Group classification: Working Country of origin: England Date of origin: 19th century
Weight (M): 110 - 130 lb Height (M): 25 - 27" Life expectancy: 8 - 10 years
Weight (F): 100 - 120 lb Height (F): 24 - 26"
1.General Description of the Bullmastiff
The Bullmastiff is a large, powerful breed with an alert and intelligent appearance. The dog has a muscular body covered by short hair. The tight coat is red, brindle, or fawn in color and the chest may have a small white marking. The breed has medium-sized, dark eyes and a broad, square shaped head with moderate stop. The ears are V-shaped and rest against well-built cheeks on either side of a flat forehead. The muzzle is approximately a third the length of the entire head and should be dark in color. Both the nostrils and teeth are comparatively large and the dog’s bite should be either a tad undershot or perfectly level. The topline is straight and level, and the tail is set high.
The Bullmastiff is a brave and stalwart dog, whose quiet and docile demeanor is best suited to a mature and even tempered family. Bullmastiffs are very gentle and kind toward children, but they also tend not to be active or playful; in other words, while the Bullmastiff is content to be a doting guardian, kids are likely to find the dog boring. On the other hand, it is these exact same qualities that have endeared the breed to so many adults who prefer a quiet and devoted companion that does not need constant attention and entertainment. This breed is neither friendly nor aggressive toward strangers and other dogs, and tends to be good with other pets, including cats. The Bullmastiff is aloof and guarded around strangers, potentially aggressive toward strange dogs (particularly between males), and accepting of house pets. The breed is also known to have a stubborn streak that can make training difficult.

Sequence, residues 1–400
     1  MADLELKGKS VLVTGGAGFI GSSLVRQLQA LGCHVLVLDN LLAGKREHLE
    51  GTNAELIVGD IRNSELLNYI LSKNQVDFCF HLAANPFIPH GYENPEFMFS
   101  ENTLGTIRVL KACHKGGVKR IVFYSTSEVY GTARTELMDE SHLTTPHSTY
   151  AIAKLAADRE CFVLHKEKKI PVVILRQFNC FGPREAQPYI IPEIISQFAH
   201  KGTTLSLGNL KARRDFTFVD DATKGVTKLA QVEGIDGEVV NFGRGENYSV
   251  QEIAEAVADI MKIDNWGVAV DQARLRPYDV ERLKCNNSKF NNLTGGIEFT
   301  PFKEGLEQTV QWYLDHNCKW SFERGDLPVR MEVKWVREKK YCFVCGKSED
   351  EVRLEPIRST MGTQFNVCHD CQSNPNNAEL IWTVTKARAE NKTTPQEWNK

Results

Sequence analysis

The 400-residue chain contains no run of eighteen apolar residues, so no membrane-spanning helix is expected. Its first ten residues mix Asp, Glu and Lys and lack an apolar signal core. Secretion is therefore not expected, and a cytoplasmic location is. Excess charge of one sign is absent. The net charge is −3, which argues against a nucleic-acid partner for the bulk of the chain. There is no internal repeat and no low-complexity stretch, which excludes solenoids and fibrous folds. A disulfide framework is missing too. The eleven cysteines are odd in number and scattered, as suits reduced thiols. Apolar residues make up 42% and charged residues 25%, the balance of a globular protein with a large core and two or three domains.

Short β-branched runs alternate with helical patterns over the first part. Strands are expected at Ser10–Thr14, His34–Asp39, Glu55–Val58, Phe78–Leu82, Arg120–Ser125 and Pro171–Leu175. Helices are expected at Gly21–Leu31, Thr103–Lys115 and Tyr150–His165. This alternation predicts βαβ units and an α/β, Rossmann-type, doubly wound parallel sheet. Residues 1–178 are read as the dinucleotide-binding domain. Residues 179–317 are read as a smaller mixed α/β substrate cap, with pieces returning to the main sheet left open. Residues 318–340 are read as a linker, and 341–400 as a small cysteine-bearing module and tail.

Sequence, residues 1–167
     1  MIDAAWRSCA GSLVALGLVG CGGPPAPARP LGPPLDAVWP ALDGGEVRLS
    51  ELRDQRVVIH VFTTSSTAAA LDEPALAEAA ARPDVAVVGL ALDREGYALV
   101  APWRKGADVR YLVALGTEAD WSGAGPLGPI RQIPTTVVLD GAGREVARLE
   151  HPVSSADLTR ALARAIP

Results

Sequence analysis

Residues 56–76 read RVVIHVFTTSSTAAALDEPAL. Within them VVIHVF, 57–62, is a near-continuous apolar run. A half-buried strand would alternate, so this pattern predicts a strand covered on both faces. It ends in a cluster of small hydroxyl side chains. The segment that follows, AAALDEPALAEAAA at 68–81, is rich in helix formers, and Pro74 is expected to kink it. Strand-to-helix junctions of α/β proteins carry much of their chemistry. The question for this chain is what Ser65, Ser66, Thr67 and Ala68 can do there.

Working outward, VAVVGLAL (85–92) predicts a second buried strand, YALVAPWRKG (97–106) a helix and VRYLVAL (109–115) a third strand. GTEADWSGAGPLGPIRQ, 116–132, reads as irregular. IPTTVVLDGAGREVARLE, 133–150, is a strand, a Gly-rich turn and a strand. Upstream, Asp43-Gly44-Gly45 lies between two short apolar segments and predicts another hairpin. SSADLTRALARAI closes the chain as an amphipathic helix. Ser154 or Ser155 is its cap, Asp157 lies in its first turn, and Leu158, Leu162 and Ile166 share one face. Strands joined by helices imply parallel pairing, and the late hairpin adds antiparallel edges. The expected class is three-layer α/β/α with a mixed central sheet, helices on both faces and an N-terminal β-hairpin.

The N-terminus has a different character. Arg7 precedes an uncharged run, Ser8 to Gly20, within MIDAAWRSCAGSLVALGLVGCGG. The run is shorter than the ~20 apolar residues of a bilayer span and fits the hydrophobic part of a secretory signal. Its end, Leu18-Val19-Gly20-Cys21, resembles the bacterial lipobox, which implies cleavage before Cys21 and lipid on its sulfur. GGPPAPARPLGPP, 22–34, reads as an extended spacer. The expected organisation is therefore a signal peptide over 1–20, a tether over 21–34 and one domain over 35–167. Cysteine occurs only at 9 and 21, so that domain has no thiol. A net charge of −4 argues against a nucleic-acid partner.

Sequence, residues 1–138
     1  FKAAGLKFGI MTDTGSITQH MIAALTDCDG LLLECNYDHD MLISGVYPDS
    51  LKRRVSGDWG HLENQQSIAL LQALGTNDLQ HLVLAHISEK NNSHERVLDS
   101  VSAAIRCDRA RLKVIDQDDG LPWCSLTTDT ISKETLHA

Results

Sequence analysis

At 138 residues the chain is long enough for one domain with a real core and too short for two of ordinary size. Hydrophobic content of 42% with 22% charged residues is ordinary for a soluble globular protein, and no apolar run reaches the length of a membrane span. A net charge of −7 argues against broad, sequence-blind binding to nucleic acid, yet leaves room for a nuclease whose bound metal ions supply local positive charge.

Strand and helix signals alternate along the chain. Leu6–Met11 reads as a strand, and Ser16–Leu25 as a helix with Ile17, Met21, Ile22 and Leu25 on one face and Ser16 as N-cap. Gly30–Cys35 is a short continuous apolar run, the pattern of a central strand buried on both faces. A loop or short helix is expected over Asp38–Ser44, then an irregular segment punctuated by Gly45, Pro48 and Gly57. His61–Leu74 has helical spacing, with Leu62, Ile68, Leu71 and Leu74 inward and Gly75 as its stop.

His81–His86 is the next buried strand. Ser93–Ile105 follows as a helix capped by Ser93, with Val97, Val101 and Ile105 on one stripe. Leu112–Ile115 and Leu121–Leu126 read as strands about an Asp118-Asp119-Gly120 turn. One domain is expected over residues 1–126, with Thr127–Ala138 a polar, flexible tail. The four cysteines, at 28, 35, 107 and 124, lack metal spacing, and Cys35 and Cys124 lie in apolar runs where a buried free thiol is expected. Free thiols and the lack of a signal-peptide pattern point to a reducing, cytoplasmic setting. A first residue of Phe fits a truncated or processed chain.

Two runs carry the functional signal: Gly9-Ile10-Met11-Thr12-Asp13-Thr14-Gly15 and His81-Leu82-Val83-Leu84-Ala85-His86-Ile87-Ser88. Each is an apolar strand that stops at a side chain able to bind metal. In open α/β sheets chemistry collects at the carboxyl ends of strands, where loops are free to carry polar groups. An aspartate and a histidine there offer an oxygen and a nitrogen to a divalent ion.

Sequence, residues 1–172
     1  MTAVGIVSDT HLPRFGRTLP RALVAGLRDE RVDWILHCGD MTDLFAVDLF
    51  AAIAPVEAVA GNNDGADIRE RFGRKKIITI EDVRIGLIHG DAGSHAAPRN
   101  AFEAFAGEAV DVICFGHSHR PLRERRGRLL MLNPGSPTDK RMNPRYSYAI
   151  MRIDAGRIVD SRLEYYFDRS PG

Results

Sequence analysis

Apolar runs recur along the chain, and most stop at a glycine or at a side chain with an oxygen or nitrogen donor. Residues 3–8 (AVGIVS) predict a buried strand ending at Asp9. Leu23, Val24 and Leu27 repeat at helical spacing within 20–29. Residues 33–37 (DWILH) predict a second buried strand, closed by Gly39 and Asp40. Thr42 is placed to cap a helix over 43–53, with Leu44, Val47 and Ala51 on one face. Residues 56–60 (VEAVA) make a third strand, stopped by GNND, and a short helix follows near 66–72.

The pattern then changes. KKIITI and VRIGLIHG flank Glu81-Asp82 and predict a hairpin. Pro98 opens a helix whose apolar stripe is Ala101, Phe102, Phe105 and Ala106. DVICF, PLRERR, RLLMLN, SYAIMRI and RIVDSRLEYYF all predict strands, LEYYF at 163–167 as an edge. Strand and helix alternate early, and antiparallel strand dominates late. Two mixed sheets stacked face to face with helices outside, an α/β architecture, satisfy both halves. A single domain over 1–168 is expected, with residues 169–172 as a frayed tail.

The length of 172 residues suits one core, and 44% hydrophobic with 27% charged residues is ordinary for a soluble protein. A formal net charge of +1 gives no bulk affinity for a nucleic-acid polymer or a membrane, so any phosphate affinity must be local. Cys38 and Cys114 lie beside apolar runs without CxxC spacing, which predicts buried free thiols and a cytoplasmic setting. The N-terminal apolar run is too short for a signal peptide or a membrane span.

3.Caring for a Bullmastiff
The Bullmastiff can be a bit lethargic, so it is important for owners to encourage activity (daily walks at a minimum) and monitor the dog’s meal size. Without proper care, this breed will put on weight very quickly. When purchasing food, make sure it is specifically formulated for larger breeds, as a Bullmastiff does best with a relatively low fat / low protein diet. Because this is a large breed, it is important to keep the dog’s nails short and to check the footpads regularly for cuts and other injuries. The Bullmastiff has a tight, shorthaired coat, so bathing and brushing requirements are nominal. Socialization with strangers and other dogs should begin as early as possible in the dog’s life. Bullmastiffs are susceptible to canine hip and elbow dysplasia, gastric torsion and entropion